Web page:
You can ride an antique train into the Valley to Hacienda Iznaga’s 144-ft. tower built in 1750 that enabled plantation owners to monitor farm activities. There are seven levels, each with a different shape and a narrow staircase that leads to a stunning view of the valley.

CubaChief Hatuey, a Taino Indian, is credited with being Americas’ first freedom fighter. He organized armed resistance against the Spanish invaders of Haiti who came in 1502 with 30 ships of settlers and 100 African slaves. In 1511 he expanded his efforts to Cuba. He and his men held Velásquez and Cortés trapped in a fort for three months. Hatuey was overwhelmed and on February 12, 1512 and publically executed. A statue of Chief Hatuey is situated on the valley road.

Trinidad prospered thanks to the fortunes of the sugar magnates. They built lavish mansions and plazas until the sugar market collapsed in 1860. No major roads led to Trinidad until a century later so the city remained largely secluded. Simultaneously the government banned development in order to preserve the Colonial atmosphere. Trinidad’s streets were designed by military engineers as a labyrinth to confuse invading pirates and corsairs. The symbols of the city are the 131-ft. bell tower of the San Francisco Convent and the Plaza Mayor.

Palacio Cantero is an 1830 Neo-Classical mansion that now houses the Museo Histórico Municipal. The mansion is filled with antiques including hand-carved mahogany furniture, Baccarat crystal, original tile and Carrera marble sculptures. Chronological exhibits are in the mansion’s rooms.

La Canchánchara is located near the plaza. It is famous for serving a drink—two-thirds rum and one-third lemon juice—that was carried into battle with Cuban warriors. Bottles of Canchánchara have come to symbolize freedom.


@21plusTravel Tips…
  • The best, hassle-free and most affordable way to see Cuba is on a cruise.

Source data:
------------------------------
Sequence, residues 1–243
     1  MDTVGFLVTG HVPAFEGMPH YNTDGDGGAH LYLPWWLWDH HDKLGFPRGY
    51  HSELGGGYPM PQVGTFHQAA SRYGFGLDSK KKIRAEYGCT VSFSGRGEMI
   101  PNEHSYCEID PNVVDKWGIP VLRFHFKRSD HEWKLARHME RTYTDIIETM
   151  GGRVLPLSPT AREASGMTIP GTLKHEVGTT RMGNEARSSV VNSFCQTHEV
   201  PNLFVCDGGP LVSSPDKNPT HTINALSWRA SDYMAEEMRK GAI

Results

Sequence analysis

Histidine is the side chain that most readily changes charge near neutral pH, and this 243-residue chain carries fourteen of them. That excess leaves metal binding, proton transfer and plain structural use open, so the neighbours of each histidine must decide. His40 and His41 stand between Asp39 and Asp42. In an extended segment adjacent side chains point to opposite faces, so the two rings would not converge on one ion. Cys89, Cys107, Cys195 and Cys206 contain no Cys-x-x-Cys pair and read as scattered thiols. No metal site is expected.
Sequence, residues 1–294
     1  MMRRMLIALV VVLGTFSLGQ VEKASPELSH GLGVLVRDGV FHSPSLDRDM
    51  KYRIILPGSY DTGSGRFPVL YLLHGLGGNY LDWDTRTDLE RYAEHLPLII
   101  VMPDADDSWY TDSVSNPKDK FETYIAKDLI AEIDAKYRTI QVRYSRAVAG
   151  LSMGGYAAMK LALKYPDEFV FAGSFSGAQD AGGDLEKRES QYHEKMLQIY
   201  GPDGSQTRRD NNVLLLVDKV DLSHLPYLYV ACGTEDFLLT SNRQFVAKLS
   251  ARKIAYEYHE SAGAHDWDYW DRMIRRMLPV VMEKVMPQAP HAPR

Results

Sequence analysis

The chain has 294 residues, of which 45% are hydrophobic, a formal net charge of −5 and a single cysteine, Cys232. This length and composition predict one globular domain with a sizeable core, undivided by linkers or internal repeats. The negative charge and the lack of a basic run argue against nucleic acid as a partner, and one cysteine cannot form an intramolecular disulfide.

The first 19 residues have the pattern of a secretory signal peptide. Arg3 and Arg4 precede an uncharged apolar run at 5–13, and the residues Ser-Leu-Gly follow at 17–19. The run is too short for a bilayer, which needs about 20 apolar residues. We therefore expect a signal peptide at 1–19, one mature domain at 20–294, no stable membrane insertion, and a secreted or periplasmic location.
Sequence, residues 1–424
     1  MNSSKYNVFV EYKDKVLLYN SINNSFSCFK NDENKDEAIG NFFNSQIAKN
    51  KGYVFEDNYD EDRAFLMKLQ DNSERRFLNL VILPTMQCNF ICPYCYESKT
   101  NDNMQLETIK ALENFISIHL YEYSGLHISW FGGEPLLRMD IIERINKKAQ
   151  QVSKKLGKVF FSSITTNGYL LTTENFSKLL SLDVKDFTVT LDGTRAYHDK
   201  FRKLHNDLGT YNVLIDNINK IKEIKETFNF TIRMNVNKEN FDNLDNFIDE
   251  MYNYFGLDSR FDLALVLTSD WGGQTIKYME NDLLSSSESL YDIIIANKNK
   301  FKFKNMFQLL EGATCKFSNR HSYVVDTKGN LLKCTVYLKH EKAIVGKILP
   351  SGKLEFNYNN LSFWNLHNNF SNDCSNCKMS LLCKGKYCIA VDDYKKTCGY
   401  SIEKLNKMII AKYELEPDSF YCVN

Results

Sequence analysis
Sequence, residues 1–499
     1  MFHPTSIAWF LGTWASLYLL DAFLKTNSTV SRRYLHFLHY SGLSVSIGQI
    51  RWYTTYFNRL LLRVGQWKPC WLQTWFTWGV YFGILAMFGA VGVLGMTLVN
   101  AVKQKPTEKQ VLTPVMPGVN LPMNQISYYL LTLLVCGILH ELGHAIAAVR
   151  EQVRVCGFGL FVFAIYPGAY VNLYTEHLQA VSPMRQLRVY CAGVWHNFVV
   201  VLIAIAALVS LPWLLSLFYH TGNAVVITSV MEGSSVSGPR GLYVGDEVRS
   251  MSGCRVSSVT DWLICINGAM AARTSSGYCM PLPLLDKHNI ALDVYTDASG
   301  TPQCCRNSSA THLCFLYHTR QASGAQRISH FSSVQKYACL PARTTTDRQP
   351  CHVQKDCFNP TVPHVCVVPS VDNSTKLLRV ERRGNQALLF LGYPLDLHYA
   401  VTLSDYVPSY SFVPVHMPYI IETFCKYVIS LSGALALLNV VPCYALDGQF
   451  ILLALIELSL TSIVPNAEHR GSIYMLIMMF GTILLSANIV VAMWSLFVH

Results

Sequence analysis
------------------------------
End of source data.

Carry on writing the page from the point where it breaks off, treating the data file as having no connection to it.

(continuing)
• Take cash. You can exchange money at each port. There are no ATMs and very few people take credit cards.
  • Beware of the sun. Use sunblock, wear a hat and carry an umbrella.
  • Wear sturdy shoes.
  • Take lots of pictures.
  • Do not buy cigars on the street. They are of inferior quality. Premium cigars cost about $25.00 each.
  • Odds of Encountering Children: Low. This is not a destination that will appeal to children; it’s an off-the-beaten-path destination to see the real Cuba.
Important News Regarding U.S. / Cuba Travel…

Trump’s recent announcement regarding Cuban travel does not affect group or cruise travelers. No changes will take effect until new amendments are written.

More Information…

Celestyal Cruises

Read more about Renée’s Cuban cruise experience.

– Photo Credits: Palacio Cantero by Jackie Finch; remainder by Renée S. Gordon

Featured products, services and/or travel arrangements may have been complimentary in part or in full; this affords the research opportunity but does not sway opinion.

Renee GordonRenée S. Gordon has written a weekly travel column for the Philadelphia Sun for the past 14 years and has published travel articles in numerous publications. Her columns focus on cultural, historic and heritage tourism and she specializes in sites and attractions related to African American and African Diaspora history. Renée serves as a consultant for educational trips and history-related tourist destinations. She considers herself a “missionary journalist” and as such she continues to promote heritage and sustainable tourism. She has been honored with several awards including the 2013 Recipient of African Diaspora World Tourism and Flame Keeper in Media Award for Travel Writing.